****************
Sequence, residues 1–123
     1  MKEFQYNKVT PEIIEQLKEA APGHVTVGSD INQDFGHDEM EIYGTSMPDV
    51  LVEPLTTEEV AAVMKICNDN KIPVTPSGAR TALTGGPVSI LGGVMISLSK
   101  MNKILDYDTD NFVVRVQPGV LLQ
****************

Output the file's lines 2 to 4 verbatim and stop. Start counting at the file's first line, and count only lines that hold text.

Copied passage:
     1  MKEFQYNKVT PEIIEQLKEA APGHVTVGSD INQDFGHDEM EIYGTSMPDV
    51  LVEPLTTEEV AAVMKICNDN KIPVTPSGAR TALTGGPVSI LGGVMISLSK
   101  MNKILDYDTD NFVVRVQPGV LLQ